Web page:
A Deep Preparation for the Liturgical New Year

When January 1 rolls around, there’s a lot of talk about New Year’s resolutions—and I know that there are a lot of thoughts and feelings about them (some good, some bad, I hear you).

I’ve seen a lot of people try out a dietary change for the first month of the year, others who have done a no-spend month, and some who try to wake up just a little earlier each day to get into a better routine. In any case, it seems like the New Year gives a lot of us a little more motivation to try something that we think will make our lives better. We are desperate for a fresh start.

That’s how we can look at next Sunday and next week. It’ll be the start of the Liturgical New Year. So it’s basically a Catholic New Year’s Eve! And what came to mind during today’s readings is a similar message to one we’re going to hear a lot of during Advent: that we need to prepare.

We need to prepare our hearts and minds for Him—and yes, for the end times—whenever that might be. We can’t count on it not happening in our lifetime. We can’t take time for granted, thinking that we can live a life more fully on fire for Christ in a few years, but not quite today.

Jesus is going to come to us—we celebrate His first coming at Christmas and prepare for it during Advent, but we also have to keep thinking about His second coming and preparing for that, too. So let’s take the time to think of a few Catholic New Year’s Resolutions we can do that will help us prepare for that.

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Will you join us for our free Advent gathering and find inspiration for your liturgical new year? More information on the site.

Annie Deddens is a writer and producer. She runs a prayer ministry with her husband, called Pray More Novenas. She has a heart for the sick & suffering, and she writes about living with greater faith (hope & love, too) in this imperfect world as a Catholic wife. You can find out more about her here.


  • Reply
    Jean-Paul Marie Justin
    November 26, 2019 at 3:01 pm

    For Mom’s the new year = back to school! ( just look at what month the Blessed is She planner starts – insert smiley face)
    Eventually, as the nest empties the secular calendar year comes to the foreground and it is the seasonal celebrations Thanksgiving – Christmas – New Years with a heavy emphasis on the shopping cycle of season.
    In these elder years though, the Liturgical Calendar moved to the foreground with an emphasis on the Carthusian Hermitage awareness of time. The Exultation of the Cross (Sept. 14th) begins a great fast that will last thru to Triduum so that the celebrations are vivid. The fellowship of Saints a plenty during October, remembrance thru November with a deep detailed preparation for Advent that holds it in the foreground unshaken by the already of “after” Christmas sales. And so it came to be that I began making my own calendar of seasons that allowed for a larger celebration of those days that lend themselves to at home retreats and became a more frequent setting out into the deep for a catch. The ‘day planner’ gradually becomes an horarium and over years a rule of life grows organically from simple dailyness now truly free and unencumbered — to cherish The Eucharist as Source and Summit.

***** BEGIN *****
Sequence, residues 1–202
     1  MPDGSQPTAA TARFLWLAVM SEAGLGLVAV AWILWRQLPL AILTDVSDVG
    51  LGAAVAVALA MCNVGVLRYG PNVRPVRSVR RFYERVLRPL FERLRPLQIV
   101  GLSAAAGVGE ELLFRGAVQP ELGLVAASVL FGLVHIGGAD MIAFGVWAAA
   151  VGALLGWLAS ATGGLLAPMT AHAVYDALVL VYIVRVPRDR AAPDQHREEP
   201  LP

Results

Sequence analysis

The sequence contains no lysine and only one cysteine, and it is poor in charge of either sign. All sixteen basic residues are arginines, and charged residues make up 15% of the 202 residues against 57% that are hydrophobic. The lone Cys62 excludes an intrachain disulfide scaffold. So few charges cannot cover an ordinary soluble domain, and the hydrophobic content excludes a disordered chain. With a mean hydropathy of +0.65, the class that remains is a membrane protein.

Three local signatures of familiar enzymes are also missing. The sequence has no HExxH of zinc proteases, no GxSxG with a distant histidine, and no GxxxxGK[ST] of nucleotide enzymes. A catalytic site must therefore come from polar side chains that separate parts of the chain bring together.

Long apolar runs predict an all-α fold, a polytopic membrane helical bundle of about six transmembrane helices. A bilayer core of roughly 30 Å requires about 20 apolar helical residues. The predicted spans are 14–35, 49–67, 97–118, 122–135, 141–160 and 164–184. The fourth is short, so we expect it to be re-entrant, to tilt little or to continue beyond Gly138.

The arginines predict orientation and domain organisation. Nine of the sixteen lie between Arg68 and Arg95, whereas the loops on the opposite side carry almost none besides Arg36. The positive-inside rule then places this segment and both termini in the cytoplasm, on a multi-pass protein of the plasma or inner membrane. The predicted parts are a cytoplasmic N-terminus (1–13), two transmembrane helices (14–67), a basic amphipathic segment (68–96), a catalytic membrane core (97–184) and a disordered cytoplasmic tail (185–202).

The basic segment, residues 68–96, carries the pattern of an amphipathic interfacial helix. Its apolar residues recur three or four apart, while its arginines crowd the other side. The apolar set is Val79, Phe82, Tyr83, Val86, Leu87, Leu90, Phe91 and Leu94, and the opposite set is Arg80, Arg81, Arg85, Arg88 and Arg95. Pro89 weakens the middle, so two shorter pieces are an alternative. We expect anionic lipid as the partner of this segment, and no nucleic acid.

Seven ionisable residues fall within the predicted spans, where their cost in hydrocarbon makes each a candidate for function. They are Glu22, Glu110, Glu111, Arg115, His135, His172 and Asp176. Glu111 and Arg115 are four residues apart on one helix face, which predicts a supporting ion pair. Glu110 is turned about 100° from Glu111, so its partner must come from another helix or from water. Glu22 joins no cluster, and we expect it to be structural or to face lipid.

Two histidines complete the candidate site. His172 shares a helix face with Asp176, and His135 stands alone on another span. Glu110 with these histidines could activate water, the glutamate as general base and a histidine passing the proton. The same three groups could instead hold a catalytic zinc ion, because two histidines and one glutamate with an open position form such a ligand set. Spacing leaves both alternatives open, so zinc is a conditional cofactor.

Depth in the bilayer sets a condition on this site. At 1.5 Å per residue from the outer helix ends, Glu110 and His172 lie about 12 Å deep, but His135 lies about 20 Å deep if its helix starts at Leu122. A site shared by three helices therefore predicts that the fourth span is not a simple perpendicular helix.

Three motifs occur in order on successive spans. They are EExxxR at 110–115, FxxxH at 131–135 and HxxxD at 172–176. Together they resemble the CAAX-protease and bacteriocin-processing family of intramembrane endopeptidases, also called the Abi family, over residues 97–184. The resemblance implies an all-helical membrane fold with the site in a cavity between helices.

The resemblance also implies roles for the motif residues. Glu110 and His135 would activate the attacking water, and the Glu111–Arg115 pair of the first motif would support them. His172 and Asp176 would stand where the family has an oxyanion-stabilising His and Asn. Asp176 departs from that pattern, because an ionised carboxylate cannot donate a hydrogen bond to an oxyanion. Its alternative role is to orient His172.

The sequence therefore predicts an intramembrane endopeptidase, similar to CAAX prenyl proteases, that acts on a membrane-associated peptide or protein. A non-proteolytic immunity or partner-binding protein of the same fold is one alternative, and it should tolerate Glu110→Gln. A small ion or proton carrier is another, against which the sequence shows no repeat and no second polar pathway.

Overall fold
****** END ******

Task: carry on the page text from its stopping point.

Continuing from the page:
Be patient dear young ones there is much to celebrate when you reach that distant horizon. There are these liberating surprises that accompany the gray hairs and soft waistlines. Be patient. It will come soon enough.

  • Reply
    November 26, 2019 at 6:09 pm

    Thank you, Annie. One statement you made really struck me: “We can’t take time for granted, thinking that we can live a life more fully on fire for Christ in a few years, but not quite today.” Today is the day. If not now, when? Tomorrow? next year? In five years? When it is too late? Christ calls us to discipleship now. Come, follow me, He says. He doesn’t say to follow Him in a few years. He asks us to come and follow Him. He invites us to come and follow Him now. I am the one who chooses to follow Him now, or later, or not at all. May I chose each day to follow Him with my whole heart and not live with regret.

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